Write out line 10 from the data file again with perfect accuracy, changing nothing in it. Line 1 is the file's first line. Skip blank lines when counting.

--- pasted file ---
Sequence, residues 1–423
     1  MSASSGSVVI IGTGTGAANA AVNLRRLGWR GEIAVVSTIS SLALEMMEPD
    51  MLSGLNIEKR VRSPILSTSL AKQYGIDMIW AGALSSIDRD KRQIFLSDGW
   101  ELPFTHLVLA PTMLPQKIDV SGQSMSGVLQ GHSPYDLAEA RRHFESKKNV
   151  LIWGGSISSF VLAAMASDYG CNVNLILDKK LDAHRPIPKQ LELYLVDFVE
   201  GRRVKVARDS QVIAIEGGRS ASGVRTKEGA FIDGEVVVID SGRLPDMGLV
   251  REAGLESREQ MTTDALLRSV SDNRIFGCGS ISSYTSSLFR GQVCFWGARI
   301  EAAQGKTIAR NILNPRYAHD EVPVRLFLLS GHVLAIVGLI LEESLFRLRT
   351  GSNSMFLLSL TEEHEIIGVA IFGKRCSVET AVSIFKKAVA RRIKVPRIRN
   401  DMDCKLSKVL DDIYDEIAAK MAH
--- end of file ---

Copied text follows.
   401  DMDCKLSKVL DDIYDEIAAK MAH